Post-Miranda Warning Admission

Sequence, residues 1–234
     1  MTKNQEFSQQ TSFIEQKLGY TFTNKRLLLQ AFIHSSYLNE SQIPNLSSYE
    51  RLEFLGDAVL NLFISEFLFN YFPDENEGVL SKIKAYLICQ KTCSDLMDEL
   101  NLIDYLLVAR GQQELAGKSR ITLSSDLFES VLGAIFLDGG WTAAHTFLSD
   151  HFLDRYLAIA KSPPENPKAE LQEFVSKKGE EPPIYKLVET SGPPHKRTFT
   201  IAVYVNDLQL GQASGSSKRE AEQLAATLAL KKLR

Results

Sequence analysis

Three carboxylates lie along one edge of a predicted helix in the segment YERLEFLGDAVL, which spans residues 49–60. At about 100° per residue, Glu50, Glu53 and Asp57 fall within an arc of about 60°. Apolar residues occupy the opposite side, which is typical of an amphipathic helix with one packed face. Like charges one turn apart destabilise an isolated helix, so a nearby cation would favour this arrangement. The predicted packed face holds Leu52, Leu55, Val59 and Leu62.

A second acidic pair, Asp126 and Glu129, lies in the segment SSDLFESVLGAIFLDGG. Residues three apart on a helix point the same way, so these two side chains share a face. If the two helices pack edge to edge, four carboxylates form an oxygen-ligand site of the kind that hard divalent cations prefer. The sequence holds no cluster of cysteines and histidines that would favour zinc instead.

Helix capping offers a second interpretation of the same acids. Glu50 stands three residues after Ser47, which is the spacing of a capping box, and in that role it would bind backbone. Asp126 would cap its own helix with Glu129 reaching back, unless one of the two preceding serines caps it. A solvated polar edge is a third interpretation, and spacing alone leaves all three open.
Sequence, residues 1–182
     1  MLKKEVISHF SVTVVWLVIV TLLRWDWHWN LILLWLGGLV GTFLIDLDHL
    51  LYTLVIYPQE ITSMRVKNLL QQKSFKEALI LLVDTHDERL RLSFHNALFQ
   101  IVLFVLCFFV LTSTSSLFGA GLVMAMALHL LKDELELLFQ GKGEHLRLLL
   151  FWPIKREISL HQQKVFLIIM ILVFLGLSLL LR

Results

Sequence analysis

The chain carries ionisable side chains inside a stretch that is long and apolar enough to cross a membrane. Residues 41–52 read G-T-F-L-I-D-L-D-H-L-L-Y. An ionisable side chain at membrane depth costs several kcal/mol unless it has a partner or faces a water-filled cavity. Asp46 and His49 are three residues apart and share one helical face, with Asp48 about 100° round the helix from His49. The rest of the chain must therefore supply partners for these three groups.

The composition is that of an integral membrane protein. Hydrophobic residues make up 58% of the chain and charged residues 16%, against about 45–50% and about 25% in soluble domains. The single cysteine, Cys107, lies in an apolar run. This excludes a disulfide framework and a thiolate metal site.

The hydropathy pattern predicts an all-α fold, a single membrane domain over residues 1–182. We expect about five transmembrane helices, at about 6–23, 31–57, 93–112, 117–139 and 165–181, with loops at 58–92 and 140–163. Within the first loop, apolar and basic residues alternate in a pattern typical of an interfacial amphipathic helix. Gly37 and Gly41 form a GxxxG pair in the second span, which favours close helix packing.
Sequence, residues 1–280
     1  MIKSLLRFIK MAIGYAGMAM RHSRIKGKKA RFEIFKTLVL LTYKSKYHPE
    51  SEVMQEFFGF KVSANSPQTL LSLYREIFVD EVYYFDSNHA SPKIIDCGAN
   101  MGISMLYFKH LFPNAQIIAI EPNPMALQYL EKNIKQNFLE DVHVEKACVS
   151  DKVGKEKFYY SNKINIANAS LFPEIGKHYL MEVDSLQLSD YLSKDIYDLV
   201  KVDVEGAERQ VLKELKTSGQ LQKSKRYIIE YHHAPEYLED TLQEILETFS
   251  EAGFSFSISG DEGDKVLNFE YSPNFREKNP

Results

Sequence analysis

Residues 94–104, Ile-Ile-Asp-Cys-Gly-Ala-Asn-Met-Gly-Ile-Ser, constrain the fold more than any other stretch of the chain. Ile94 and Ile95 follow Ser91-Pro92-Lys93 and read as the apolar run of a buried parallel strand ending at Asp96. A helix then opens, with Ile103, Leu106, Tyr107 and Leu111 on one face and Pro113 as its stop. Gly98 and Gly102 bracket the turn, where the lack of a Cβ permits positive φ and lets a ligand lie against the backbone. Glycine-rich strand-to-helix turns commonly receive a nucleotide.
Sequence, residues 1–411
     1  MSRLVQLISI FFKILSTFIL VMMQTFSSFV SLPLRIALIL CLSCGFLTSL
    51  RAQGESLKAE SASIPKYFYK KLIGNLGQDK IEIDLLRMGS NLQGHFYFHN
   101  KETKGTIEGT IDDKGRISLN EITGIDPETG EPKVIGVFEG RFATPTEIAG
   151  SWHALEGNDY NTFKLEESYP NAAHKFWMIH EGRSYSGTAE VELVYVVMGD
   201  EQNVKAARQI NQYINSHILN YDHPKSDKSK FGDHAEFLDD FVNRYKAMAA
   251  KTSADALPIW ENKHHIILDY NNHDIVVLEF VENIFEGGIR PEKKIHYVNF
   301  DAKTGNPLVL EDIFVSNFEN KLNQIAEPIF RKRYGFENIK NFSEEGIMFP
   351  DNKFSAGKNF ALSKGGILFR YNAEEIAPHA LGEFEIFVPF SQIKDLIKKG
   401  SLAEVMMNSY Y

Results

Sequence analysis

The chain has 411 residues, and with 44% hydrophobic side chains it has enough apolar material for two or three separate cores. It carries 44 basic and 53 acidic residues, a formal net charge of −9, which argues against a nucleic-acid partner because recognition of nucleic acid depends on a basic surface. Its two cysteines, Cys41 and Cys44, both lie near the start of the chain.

The United States Supreme Court addressed this issue in Oregon v. Elstad (1985) 470 U.S. 298. In Elstad, police officers went to the defendant's home and questioned him about a burglary without first reading him the Miranda warnings. (Elstad, at p. 301.) After he admitted being present at the burglary, the officers took him to the police station. One hour later, the officers informed him of his Miranda rights. He waived those rights and gave a full statement detailing his role in the crime. (Elstad, at pp. 301-302.) The Court held that "though Miranda requires that the unwarned admission must be suppressed, the admissibility of any subsequent statement should turn in these circumstances solely on whether it is knowingly and voluntarily made." (Id. at p. 309.) "Absent deliberately coercive or improper tactics in obtaining the initial statement," the court found that "subsequent administration of Miranda warnings . . . ordinarily should suffice to remove the conditions that precluded admission of the earlier statement." (Id. at p. 314.) "The essence of voluntariness is whether the government obtained the statements by physical or psychological coercion such that the defendant's will was overborne." (United States v. Rith (10th Cir. 1999) 164 F.3d 1323, 1333.) The Supreme Court revisited the issue in Missouri v. Seibert (2004) 542 U.S. 600 (Seibert). Unlike Elstad, where the officer's initial failure to warn was an oversight, in Seibert, the police "used a two-step questioning technique based on a deliberate violation of Miranda." (Id. at p. 620 (conc. opn. of Kennedy, J.).) The interview strategy was based on "a police protocol for custodial interrogation that calls for giving no warnings of the rights to silence and counsel until interrogation has produced a confession. Although such a statement is generally inadmissible, since taken in violation of Miranda, the interrogating officer follows it with Miranda warnings and then leads the suspect to cover the same ground a second time." (Id. at p. 604.) In Seibert, a plurality of the United States Supreme Court reasoned, "The threshold question in this situation is whether it would be reasonable to find that the warnings could function 'effectively' as Miranda requires. There is no doubt about the answer. . . . When the warnings are inserted in the midst of coordinated and continuing interrogation, they are likely to mislead and 'deprive a defendant of knowledge essential to his ability to understand the nature of his rights and the consequences of abandoning them.' And it would be unrealistic to treat two spates of integrated and proximately conducted questioning as independent interrogations subject to independent evaluation simply because Miranda warnings formally punctuate them in the middle." (Seibert, supra, 542 U.S. p. 601.) Justice Kennedy concurred, reasoning that if the interrogators deliberately employ the two-step strategy, the trial court must suppress postwarning statements unless the interrogators take curative measures to apprise the defendant of his rights. If the two-step method is not deliberate, the postwarning statements are admissible if voluntarily made. (Seibert, supra, 542 U.S. at p. 622 (conc. opn. of Kennedy, J.); see also United States v. Williams (9th Cir. 2006) 435 F.3d 1148, 1157-1158 concluding that Justice Kennedy's concurrence in Seibert is the court's holding because it is narrowest grounds with which a majority of the court would agree..) Deliberateness may be found if "objective evidence and any available subjective evidence, such as an officer's testimony, support an inference that the two-step interrogation procedure was used to undermine the Miranda warning." (United States v. Williams, supra, 435 F.3d at p. 1158.) Objective evidence includes "the timing, setting and completeness of the prewarning interrogation, the continuity of police personnel and the overlapping content of the pre- and postwarning statements." (Id. at p. 1159.)